[Show spoiler]passed away in a previous season (first IRL & then on the series), they replaced him with the somewhat serious but also witty Stan Jablonski (aka "Stash") who took Phil's place in briefing everyone at the beginning of each episode. And, the iconic ending statement "Let's be careful out there!" was replaced with the much more cynical "Let's do it to them, before they do it to us!" - ha ha


[Show spoiler]- Jablonski opened his first briefing by bringing up that he had been previously attacked by Vera Horvath, a female LE officer he worked with at a previous station house. As it turned out, Horvath had a fixation on Jablonski, and stalked/phoned him for some time afterwards. Though this was initially presented in a humorous manner, it culminated in tragedy when Horvath confronted Jablonski at the Hill Street precinct, wouldn't take no for an answer, and then pulled a weapon on him before being shot dead by another officer. Horrific.


- A sequence involving a hazing of a new Rookie
[Show spoiler](by another Rookie) ended up in the Rookie ending his own life - out of shame.
The short-lived roles here were well-played by Tim Robbins & Michael Biehn, both of whom went on to much bigger & more well-known roles - Shawshank Redemption; Jacob's Ladder; The Player, etc. for Robbins, and Terminator I, Aliens, and The Abyss for Biehn.

This show definitely touched on issues that other network TV shows at the time would never have even considered addressing. Again, very ground-breaking series.

Last edited by AnamorphicWidescreen; 01-26-2021 at 09:57 PM.
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Old 01-26-2021, 09:24 PM   #7
AnamorphicWidescreen AnamorphicWidescreen is offline
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Quote:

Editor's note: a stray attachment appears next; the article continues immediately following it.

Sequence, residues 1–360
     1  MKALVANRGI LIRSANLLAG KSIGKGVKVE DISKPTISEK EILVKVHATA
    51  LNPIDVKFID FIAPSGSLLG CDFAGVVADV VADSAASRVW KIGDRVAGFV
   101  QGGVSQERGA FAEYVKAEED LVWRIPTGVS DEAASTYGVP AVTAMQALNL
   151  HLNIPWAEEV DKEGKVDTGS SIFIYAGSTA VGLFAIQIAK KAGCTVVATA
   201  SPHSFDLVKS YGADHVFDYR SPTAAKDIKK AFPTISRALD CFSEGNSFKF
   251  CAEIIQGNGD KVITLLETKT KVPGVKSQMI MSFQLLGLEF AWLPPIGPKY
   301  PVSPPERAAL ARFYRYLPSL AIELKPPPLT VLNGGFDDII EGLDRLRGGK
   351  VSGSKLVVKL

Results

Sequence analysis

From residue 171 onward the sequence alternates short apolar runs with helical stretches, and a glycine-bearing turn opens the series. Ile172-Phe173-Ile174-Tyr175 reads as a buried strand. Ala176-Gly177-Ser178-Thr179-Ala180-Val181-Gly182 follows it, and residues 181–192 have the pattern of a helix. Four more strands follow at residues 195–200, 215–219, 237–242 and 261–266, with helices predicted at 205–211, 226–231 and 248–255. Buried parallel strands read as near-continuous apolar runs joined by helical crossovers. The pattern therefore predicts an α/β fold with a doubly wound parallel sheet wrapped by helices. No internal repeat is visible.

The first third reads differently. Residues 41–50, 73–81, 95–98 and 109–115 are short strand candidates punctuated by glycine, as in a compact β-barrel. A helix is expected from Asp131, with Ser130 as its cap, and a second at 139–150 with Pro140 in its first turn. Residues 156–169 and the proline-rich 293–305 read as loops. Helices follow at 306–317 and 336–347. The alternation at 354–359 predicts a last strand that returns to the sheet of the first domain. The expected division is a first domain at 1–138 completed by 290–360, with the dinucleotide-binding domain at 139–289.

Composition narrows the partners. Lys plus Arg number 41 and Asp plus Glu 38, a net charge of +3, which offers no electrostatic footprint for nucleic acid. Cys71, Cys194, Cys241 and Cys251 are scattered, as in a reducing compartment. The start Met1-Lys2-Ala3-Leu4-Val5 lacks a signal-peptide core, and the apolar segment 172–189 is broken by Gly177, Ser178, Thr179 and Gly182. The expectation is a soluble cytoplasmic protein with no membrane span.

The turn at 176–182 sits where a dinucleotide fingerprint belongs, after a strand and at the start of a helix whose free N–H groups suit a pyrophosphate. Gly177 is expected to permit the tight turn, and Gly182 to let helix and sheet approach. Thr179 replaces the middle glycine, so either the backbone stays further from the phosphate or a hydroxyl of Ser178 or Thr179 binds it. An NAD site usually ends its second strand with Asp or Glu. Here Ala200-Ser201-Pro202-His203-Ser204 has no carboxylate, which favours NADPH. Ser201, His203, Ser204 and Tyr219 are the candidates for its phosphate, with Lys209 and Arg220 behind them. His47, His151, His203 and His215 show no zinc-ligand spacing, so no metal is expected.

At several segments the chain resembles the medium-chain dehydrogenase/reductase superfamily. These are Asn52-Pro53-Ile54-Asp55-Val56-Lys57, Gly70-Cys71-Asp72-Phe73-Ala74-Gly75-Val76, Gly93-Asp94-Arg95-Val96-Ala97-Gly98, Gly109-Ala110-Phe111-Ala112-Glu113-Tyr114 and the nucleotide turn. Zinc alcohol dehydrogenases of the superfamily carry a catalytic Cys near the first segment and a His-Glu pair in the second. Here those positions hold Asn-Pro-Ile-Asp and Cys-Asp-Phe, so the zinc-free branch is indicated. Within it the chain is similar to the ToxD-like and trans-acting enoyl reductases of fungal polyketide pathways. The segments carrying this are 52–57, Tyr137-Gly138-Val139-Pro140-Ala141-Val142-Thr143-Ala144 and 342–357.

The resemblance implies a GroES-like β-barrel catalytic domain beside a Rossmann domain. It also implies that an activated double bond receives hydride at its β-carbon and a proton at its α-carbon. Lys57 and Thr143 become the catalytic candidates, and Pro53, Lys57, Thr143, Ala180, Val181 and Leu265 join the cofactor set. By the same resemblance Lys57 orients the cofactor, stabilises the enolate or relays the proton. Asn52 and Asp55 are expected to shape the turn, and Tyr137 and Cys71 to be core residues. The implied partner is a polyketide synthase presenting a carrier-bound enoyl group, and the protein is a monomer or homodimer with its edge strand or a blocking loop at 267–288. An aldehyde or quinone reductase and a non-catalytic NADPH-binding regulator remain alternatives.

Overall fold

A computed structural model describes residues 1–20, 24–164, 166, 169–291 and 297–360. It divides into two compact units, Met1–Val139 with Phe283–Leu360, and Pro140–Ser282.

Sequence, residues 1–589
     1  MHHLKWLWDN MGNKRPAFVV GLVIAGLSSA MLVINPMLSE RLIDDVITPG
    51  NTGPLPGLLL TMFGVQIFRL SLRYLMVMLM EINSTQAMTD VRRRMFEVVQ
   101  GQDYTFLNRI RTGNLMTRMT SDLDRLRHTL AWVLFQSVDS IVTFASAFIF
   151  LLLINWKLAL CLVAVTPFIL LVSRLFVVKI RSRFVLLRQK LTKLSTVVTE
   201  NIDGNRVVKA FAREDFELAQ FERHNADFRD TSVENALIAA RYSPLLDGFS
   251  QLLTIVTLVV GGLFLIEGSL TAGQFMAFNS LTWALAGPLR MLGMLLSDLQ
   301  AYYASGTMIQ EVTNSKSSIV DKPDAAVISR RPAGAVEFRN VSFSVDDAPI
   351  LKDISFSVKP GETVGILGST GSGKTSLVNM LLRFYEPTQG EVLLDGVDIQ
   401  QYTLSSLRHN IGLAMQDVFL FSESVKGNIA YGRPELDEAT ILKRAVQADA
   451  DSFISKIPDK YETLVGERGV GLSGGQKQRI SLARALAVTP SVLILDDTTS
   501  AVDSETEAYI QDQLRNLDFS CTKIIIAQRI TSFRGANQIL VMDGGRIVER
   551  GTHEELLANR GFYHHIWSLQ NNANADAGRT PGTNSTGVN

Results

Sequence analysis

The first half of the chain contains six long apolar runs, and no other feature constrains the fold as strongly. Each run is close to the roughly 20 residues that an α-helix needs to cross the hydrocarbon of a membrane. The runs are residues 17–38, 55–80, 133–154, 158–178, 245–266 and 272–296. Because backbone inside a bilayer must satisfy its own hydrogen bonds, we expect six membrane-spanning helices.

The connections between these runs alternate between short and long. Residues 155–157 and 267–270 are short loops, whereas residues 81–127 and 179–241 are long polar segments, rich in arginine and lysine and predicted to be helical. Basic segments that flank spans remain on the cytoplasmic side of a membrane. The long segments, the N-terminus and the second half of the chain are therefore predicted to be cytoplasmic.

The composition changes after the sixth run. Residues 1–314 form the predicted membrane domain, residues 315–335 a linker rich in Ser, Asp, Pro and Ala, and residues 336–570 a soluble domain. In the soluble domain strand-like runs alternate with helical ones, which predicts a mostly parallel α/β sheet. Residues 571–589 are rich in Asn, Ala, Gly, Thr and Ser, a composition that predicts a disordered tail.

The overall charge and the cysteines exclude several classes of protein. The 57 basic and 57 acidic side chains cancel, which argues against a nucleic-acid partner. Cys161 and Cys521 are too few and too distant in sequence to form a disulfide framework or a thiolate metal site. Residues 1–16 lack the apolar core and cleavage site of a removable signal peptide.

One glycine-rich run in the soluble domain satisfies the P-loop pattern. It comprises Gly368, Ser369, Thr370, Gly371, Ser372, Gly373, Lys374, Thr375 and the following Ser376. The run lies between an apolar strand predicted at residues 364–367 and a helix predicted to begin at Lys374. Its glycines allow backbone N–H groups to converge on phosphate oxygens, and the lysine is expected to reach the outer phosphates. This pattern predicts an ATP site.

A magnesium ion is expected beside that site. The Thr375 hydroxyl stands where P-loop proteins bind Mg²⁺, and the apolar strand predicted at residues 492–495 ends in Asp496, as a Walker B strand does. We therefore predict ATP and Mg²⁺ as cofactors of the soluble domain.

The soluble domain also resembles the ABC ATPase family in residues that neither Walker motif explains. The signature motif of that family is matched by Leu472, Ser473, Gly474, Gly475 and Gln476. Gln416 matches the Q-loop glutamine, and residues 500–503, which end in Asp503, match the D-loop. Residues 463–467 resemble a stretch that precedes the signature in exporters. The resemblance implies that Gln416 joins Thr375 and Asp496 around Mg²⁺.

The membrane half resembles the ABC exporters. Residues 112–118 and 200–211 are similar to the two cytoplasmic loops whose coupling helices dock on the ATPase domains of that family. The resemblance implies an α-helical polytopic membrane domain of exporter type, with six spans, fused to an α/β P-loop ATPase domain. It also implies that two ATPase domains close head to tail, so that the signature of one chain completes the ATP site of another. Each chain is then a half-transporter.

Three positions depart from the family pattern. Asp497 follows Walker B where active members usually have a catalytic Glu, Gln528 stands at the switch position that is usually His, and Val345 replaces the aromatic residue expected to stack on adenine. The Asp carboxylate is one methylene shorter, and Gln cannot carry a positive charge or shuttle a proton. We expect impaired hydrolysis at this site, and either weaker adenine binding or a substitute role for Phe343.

Originally Posted by OceanBlue View Post
Didn't know until a few days ago (when I checked EpGuides' episode guide list for Hill Street Blues) that there was a short-lived spin-off which originally aired in the States the season after Hill Street Blues' seven season run ended. It was called Beverly Hills Buntz, and starred Dennis Franz and Peter Jurasik (reprising their characters).
After I finished watching HSB a couple of years ago, I looked up Beverly Hills Buntz. The show has never hit physical media, even back in the VHS/LD days. However, some episodes are available online via streaming on Youtube, etc. I've never watched the show due the inferior PQ re: these streams. Here's the pilot:


Last edited by AnamorphicWidescreen; 01-26-2021 at 09:58 PM.
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Old 02-04-2021, 12:52 PM   #8
moscone_bail_bonds moscone_bail_bonds is offline
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To anyone who already owns this set, is the artwork on yours on the spine like the pictures attached?

I ordered and received this from Amazon USA, apart from arriving with the standard broken cases and busted corners, the spine artwork has tears along the bottom, looks real shoddy and would not surprise me if this was a resealed previous customer return.